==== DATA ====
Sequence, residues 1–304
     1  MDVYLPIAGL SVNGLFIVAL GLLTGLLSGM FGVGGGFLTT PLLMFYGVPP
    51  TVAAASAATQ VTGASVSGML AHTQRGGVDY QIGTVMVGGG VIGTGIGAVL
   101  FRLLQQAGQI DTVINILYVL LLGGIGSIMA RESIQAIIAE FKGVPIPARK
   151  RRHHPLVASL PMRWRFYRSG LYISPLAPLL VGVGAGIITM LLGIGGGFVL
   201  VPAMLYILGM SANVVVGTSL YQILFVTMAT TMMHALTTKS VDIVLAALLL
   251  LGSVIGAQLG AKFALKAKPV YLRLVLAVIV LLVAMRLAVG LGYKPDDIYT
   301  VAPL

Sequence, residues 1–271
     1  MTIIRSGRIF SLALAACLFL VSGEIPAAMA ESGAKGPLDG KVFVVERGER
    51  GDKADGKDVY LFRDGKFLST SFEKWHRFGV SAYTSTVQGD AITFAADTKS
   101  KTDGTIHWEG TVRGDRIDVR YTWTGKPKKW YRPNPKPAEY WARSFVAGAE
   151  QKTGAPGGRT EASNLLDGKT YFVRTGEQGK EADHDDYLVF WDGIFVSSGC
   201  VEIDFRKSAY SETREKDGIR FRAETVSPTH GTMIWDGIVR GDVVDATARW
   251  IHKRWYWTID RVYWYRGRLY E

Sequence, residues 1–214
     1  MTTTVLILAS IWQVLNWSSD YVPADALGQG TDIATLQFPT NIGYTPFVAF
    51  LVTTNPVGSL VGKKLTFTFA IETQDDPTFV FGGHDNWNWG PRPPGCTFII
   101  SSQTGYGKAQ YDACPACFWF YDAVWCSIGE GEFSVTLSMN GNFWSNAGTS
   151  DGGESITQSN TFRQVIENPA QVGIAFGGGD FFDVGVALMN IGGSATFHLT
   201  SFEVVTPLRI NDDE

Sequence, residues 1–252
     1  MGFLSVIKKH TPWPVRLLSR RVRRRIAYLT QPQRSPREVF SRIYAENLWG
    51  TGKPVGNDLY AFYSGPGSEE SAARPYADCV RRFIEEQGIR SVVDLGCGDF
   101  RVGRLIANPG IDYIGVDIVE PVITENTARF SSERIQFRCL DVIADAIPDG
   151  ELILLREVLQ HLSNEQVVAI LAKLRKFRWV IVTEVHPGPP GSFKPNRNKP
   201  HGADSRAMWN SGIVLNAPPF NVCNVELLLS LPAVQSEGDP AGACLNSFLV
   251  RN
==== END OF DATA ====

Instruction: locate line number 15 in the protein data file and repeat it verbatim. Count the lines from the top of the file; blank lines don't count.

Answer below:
   251  IHKRWYWTID RVYWYRGRLY E